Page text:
Adapted from a story first published by UChicago Medicine.

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    Why Didnt We Know Third Doses Would Be Needed Before

    Why you need a 2nd dose of COVID-19 vaccine when the 1st shot works well

    Were still learning about the COVID-19 vaccines and how well and for how long they protect us from the virus and its emerging variants. The CDCs decision to provide third doses to immunocompromised people was made after data showed these groups were particularly vulnerable to infections since they had little protection from their earlier immunizations. We will keep learning about these vaccines in the coming months and years, which means we will adjust our vaccine plan accordingly.

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    Scheduling Your Second Shot

    • Planning for your second shot is important.
    • If you need help scheduling your vaccination appointment for your second shot, contact the location that set up your first appointment.
    • If you are having trouble or have questions about using a vaccination management or scheduling system, reach out to the organization that enrolled you in the system. This may be your state or local health department, employer, or vaccination provider.
    • Scheduling an appointment for your second shot at the time you get your first shot is recommended, but not required.
    • If you need to get your second shot in a location that is different from where you received your first shot , there are several ways you can find a vaccine provider for your second dose.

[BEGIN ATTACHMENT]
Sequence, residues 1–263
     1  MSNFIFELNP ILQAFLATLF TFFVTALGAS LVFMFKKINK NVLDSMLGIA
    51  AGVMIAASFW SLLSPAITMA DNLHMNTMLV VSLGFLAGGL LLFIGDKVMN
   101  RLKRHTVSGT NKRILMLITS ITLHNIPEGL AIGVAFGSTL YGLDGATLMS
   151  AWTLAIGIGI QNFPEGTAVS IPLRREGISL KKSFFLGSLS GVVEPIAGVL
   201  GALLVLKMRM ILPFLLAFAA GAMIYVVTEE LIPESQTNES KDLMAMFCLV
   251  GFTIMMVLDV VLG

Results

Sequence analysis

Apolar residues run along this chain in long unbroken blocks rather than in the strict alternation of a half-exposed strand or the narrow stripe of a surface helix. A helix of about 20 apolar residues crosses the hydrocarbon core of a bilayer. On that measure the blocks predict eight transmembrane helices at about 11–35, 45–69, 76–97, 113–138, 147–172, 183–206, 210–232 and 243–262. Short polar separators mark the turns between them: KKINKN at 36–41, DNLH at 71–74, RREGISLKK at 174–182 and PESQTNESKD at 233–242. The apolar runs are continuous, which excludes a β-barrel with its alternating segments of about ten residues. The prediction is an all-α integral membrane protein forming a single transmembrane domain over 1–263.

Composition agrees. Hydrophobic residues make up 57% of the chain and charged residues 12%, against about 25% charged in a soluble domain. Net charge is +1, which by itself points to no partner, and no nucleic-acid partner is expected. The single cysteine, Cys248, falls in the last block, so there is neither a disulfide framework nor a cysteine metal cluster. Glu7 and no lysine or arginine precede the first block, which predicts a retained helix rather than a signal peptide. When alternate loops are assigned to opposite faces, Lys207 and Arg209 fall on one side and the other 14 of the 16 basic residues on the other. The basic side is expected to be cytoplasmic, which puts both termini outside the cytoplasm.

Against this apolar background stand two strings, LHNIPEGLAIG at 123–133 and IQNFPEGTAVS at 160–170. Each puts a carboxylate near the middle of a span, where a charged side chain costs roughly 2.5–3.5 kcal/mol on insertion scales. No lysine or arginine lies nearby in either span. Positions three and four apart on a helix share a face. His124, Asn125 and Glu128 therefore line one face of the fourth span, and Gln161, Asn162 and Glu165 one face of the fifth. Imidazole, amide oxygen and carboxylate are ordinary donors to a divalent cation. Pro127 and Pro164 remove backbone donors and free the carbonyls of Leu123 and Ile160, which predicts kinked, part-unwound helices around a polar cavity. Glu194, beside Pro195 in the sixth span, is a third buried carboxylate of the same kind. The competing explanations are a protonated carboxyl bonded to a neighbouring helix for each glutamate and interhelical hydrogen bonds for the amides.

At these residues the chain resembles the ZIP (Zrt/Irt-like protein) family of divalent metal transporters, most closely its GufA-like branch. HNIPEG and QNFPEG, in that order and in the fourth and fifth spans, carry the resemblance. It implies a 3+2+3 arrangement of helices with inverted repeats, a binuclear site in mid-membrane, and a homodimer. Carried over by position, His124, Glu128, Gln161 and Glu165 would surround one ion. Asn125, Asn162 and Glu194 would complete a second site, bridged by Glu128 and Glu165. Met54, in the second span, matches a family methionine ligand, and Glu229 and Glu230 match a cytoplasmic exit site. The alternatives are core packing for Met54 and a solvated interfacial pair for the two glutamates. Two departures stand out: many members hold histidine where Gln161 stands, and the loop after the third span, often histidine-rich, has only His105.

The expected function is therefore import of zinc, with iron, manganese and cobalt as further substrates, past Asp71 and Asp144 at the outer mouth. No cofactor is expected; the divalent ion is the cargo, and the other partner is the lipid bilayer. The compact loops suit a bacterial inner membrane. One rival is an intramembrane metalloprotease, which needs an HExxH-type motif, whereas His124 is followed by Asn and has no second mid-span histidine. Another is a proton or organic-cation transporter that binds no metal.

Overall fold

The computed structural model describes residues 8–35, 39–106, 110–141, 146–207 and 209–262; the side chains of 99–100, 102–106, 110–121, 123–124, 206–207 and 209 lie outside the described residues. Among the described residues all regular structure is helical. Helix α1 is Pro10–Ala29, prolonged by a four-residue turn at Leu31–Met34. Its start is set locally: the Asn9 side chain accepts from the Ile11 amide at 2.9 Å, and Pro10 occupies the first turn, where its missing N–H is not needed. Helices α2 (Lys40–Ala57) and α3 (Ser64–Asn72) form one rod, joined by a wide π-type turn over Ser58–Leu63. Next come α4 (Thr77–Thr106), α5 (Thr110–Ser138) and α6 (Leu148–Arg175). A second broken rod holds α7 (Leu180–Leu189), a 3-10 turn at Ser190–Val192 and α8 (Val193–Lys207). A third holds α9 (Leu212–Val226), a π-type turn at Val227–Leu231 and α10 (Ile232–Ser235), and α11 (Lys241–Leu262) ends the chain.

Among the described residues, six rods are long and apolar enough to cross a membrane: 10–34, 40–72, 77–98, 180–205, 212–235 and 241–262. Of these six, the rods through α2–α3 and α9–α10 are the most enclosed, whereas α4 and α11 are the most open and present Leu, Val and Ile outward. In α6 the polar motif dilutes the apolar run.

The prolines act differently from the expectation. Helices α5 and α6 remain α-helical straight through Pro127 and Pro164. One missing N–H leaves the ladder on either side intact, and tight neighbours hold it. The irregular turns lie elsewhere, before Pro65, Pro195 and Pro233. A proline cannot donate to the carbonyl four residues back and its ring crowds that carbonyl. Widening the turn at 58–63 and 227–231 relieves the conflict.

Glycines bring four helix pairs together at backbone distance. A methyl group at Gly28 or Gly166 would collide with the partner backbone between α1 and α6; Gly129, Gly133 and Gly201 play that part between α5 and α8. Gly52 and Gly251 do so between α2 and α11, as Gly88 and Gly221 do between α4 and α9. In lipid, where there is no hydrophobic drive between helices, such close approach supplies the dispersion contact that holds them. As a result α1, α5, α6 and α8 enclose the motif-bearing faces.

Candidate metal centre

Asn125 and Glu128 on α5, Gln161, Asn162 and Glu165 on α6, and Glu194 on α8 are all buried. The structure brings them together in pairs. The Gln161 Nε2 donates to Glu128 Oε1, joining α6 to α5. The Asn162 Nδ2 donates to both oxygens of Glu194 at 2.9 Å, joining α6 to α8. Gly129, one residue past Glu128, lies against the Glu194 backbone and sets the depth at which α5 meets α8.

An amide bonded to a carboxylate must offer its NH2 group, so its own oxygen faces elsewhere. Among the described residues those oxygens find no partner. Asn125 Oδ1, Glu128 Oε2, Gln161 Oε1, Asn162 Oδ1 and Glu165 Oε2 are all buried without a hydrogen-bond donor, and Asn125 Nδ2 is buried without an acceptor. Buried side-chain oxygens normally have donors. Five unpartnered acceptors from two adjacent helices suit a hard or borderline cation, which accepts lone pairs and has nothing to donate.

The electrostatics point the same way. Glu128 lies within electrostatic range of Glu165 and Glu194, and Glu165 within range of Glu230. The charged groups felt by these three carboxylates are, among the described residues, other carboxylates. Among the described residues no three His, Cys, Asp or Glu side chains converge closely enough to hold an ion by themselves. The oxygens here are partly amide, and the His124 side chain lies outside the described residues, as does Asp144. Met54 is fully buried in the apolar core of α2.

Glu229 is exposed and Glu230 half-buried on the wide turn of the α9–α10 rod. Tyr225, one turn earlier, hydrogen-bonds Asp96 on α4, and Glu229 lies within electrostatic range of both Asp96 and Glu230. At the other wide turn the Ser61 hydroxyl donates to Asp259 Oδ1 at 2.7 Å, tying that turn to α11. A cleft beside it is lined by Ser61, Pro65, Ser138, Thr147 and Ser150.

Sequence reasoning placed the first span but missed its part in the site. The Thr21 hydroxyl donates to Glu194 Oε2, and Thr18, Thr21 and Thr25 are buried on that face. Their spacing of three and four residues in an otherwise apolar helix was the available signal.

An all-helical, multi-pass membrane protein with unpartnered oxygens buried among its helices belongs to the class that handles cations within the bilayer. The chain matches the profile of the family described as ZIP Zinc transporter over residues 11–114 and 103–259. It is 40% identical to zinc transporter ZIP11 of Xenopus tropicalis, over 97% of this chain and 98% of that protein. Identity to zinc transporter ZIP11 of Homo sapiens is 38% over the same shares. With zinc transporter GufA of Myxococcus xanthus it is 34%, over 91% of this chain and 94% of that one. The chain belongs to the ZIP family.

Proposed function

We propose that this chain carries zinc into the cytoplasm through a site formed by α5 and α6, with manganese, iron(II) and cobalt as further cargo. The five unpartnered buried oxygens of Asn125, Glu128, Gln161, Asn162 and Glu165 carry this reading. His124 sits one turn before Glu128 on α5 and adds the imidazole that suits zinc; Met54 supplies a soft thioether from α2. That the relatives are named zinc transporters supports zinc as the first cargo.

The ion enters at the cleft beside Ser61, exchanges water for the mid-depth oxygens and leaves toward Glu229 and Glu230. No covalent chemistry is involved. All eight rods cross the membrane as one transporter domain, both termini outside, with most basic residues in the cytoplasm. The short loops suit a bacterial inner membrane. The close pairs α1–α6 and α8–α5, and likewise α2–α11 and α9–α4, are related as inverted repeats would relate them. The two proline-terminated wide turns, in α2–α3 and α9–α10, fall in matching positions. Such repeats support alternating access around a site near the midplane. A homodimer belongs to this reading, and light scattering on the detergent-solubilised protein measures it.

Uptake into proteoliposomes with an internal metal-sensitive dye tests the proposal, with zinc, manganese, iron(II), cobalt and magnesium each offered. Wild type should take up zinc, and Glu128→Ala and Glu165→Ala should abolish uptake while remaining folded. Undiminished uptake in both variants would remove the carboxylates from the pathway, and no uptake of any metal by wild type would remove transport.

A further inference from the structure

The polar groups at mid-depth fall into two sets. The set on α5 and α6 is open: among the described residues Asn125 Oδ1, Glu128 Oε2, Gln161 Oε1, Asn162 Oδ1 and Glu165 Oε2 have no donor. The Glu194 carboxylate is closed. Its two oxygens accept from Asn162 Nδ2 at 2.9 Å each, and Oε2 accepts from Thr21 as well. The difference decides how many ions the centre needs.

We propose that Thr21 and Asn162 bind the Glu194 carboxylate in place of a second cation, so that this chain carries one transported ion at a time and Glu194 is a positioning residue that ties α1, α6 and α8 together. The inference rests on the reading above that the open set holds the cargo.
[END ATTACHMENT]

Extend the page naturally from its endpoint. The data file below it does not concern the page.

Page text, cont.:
How Effective Is The First Covid

    When a vaccine requires two shots, the first shot helps your body recognize the virus and gets your immune system ready, while the second shot strengthens that immune response. This makes your body more prepared to fight infection. Learn more about how vaccines work here.

    In the studies for Pfizers vaccine, the first shot seemed to be about 52% effective in preventing COVID. The second shot increased that effectiveness to 95%. Since people got two shots in the studies, we dont know how effective a single shot would be in the long run or how long it would last.

    After getting the first shot, it can take up to a few weeks for your body to develop the cells that will make you immune. This means that its possible for you to get sick during that time. So its important to continue wearing masks and practicing social distancing even after getting the vaccine.

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    Who Had Already Been Eligible To Get A Pfizer Or Moderna Booster Shot

    Some immunocompromised people are already eligible under guidelines from the CDC and can go out now to get their third dose. The CDC’s booster recommendation is for those 12 and older for the Pfizer vaccine. For the Moderna vaccine, the CDC is recommending 18 and older. The FDA hasn’t authorized a second dose of the Johnson & Johnson vaccine for immunocompromised people because of a lack of data.

    The CDC recommends that you talk with your health care provider about your medical condition and whether an additional dose is appropriate. See our guide to the booster vaccine for more on a booster shot for moderately to severely immunocompromised people.

    With Millions Skipping Their Second Vaccine Dose Here’s Why You Should Keep That Appointment

    Wear a sticker saying you got the COVID

    The Moderna and Pfizer vaccines require two separate doses to be fully effective, which is why it’s worrisome that almost 8 percent of people who got their first shot are not going back for their second, according to new CDC research. That comes out to around five million people and represents an uptick from earlier in the rollout, when about 3.4 percent of people missed their second shot.